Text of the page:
I’m fortunately prepared to weather this storm for a little while before I feel the financial heat. I’m hopeful and optimistic there is something ‘essential’ I can contribute now and in the emerging economy. I’m not fearful of scarcity, but I acknowledge it’s real potential. No one is immune to the shortages that may arise. However we can cultivate an abundance of resources if we content ourselves with the work ahead.
My current resolution is to stay calm at home and reduce the spread in my small capacity–continuing to learn and work here. Our leaders in government have clearly made mistakes handling the problem, but I forgive them at the moment, because it is such a difficult problem to face, and I have only gratitude for any person directly engaged in working to alleviate that problem. I am not pleased that Bernie Sanders dropped out of the Presidential race in the midst of this, and I don’t think he would have were it not for covid. It made the rallies and fundraising he needed to win more states impossible. That is an effect perhaps more long lasting than the temporary employment shortage. I’m sad that so many people have died. Isn’t death the worst? I feel there is a responsibility to socially-distance ourselves to prevent deaths and the unpleasant complications caused by covid for others. I had a 12 hour fever and a cough last month. Whatever happens politically or economically, I remain directly responsible for my own well being.
Overall I’m hopeful but uncertain. How has covid effected you?
I’ve been reading a book called ‘Yoga Nidra‘ and there is a lot of interesting ideas in it. I’ve learned that what I used to think of as ‘letting my mind wander’ as a child, is actually an ancient yogic practice, and is really a spontaneous activity of the relaxed mind. The images and visions are called ‘samskaras.’ That sounds correct and appropriate somehow.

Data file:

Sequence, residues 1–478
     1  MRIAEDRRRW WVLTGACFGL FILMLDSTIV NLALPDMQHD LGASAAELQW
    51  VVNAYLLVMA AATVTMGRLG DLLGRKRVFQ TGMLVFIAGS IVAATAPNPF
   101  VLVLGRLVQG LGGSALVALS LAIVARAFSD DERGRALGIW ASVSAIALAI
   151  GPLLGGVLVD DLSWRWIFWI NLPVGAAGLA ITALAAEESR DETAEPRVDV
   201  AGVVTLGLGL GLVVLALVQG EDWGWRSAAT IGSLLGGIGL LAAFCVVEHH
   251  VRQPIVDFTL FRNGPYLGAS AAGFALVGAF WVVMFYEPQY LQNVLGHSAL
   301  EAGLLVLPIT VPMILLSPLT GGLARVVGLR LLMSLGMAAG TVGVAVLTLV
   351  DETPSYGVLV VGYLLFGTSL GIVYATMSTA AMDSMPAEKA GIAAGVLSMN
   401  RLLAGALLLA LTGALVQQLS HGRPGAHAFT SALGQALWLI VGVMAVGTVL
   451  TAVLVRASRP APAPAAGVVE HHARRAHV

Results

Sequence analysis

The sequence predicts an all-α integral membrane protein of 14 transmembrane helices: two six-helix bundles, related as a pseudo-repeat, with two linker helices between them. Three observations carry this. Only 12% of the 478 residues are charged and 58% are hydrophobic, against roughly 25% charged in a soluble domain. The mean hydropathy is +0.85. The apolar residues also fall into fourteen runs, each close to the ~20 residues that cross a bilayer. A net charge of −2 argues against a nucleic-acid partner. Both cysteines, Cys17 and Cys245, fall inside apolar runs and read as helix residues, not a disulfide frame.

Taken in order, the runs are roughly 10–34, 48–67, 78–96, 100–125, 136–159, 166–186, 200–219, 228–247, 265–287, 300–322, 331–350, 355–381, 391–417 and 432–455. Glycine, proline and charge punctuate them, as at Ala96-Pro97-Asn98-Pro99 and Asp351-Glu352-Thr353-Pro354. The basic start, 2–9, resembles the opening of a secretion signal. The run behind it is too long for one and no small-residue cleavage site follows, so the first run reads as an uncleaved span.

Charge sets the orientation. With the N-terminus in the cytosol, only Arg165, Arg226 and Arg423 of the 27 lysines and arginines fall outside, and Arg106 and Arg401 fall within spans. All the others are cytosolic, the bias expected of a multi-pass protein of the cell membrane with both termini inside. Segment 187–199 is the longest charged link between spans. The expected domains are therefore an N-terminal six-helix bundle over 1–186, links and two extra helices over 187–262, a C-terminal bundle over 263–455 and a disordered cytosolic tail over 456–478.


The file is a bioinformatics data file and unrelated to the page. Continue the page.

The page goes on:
It’s a good book. It is scientific in it’s explanation of how the yogic practice affects the body, nervous system, etc. It also recommends many practices that I had developed on my own, but didn’t know they were so well documented. Like visualizing the day at the end of it, to help ease into Yoga Nidra, and other techniques.
It’s available on archive.org for free and I highly recommend it.
You want your AE projects to render faster, so you amp up your disk cache allocation. That speeds things up, but now your disk is actually filling up with all that cache, creating a new problem.
You can just delete your disk cache in After Effects preferences UI, or go to ~/Library/Caches/Adobe/’After Effects’/16.0/ (16.0, or whatever version of AE you’re actually using) and delete it there. These both take several steps. And I want to save you some steps. So I made this script called kachekleaner that gets in there and deletes your after effects disk cache.
I put scripts like this on my OSX Dock, and they run with a single click. You really only want to clear that cache in between projects, and not during one. It won’t hurt anything, you would just have to re-render your un-cached project if you wanted to preview it again.
For clarity and quality control, this is the actual one line script, which is also attached in the zip. If the file is not ‘Unix Executable’ on your device, change it’s permissions to 755:
rm -r ~/Library/Caches/Adobe/'After Effects'/16.0/*
Click here to download the script.